Do you want to know who was the most challenging person on our church plant team? I was. By far.
Sure, there were really sweet moments. There were positive things happening, but mostly it was a difficult time for me.
Geno, my husband, and I had prepared well for church planting. We attended trainings, took assessments, led and multiplied small groups, served in various capacities at our sending church, visited church plants, and hosted vision-casting meetings.
Then, we headed out with our two-year plan and the blessing and financial resources from our amazing sending church.
We were finally doing what we had spent years preparing to do! We started meeting on Sunday nights in an old church basement, a space we rented after the line dancers were done for the night. We hosted parties and met people for coffee. We volunteered at community events and passed out postcards. We turned “It’s a beautiful day” comments into conversations about our church.
Wonderful, amazing things started happening. People were connecting and Jesus was building his church. Through it all, I loved Jesus and saw him at work in my life and in the lives of the people around me. But I didn’t love, or even like, church planting.
After two years, I was exhausted by the meetings, parties, small groups, and events. The bi-vocational life was running me ragged. Plus, we were growing our family. One baby turned into two babies and then three (and now four).
But it wasn’t just about the church planting pace.
It felt hard because I was trying to play a role I was not designed to play. I was sitting in the wrong seat. So, everything felt hard.
My husband was made for church planting and pastoring. He’s good at preaching, leading, sitting with people in crisis, and dealing with the tough stuff. He comes alive in these settings.
I realized God didn’t make me the same as him. Our two-year plan, in which Geno and I were co-leading, preaching an equal number of weeks, both communicating with our leaders and casting vision, and sharing the leadership responsibilities, wasn’t working for us.
Let me just say, there are a number of things church planters just have to do. An expectation of hard work should be thoroughly built into a church planter’s game plan. There is a rhythm to this life of ministry that includes things we may not enjoy. But this was not that. This was me feeling like most church-related events and conversations were sucking the life out of me.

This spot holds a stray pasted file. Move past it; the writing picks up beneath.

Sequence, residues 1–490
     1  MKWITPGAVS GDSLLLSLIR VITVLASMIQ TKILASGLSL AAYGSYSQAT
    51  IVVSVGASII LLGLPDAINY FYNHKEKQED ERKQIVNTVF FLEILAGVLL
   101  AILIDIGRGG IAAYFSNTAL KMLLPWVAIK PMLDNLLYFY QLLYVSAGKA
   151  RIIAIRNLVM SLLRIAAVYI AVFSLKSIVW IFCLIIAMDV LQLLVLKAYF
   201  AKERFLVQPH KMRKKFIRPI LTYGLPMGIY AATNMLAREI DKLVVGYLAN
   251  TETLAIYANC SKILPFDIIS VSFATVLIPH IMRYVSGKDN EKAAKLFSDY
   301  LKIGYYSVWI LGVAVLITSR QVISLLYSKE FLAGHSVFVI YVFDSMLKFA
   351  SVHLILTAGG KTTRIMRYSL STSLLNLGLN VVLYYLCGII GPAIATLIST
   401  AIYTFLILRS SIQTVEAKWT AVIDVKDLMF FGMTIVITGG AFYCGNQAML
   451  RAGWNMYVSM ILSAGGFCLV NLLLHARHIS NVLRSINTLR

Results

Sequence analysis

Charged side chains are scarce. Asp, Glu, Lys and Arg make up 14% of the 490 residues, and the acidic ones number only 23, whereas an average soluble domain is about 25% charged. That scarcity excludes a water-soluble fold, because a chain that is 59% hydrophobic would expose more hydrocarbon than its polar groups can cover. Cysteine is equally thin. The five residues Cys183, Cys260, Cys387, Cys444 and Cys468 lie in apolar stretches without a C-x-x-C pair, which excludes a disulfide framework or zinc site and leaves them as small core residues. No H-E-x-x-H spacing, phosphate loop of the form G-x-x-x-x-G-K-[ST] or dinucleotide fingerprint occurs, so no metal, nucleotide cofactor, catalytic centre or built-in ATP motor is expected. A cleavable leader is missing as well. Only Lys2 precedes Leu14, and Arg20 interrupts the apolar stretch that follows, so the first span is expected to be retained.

I stopped trying to fit into a mold and I started asking God to show me how he wanted to use me.
So, I let go of the original plan. I stopped trying to fit into a mold and I started asking God to show me how he wanted to use me.
My skill set is very different from Geno’s. If I was going to make it, I had to stop trying to fit into ministry in the same way he was. Geno was going to focus on leading the church. I would still be an active, important part, but leading the church wasn’t, and still isn’t, my number one passion. One day, it may be. Just not today.
I started to pay attention to what gave me energy. I began to see where God was using me in my secular job to extend the kingdom of God.
In letting go of this idea of what I thought my role should be in the church planting process, I found peace and rest for my exhausted soul.
Geno and I lead better together in this new scenario. We are co-pastors but we don’t share tasks 50/50. As I operate in my gifts, I have found I have more energy for serving our church. I preach occasionally, lead small groups, and oversee various aspects of the church. Geno dreams about church logistics and stays up late planning out preaching series schedules and all the other things that give him life.
In November, we’ll celebrate our 10 year anniversary as a church. It has been a journey of listening to God’s voice as he reminds me he will build his church and my assignment is to use the unique gifts and talents he has given me to be a part of that process.
My role in our church looks very different from what I imagined it would look like and that is the most wonderful and perfect surprise. I love my church. I love the people and I love what Jesus is doing in this space and it gives me life.
Read more of Shannon and Geno's Story
Download the What Vineyard Church Planting Looks Like eBook
Shannon Olison and her husband Geno moved to the Homewood-Flossmoor area from Champaign-Urbana, Illinois in June of 2009 to start the South Suburban Vineyard, a multicultural church in the south suburbs of Chicago. Since that time, they, along with a fabulous team of individuals have been building a church from the ground up. This means having a lot of fun, working hard and seeing lives changed, including their own. They have seen the church grow from meetings of 15 people to small groups to a Sunday morning church service. Shannon and Geno have four sons, Joseph, Elijah, Joshua, and Ezekiel.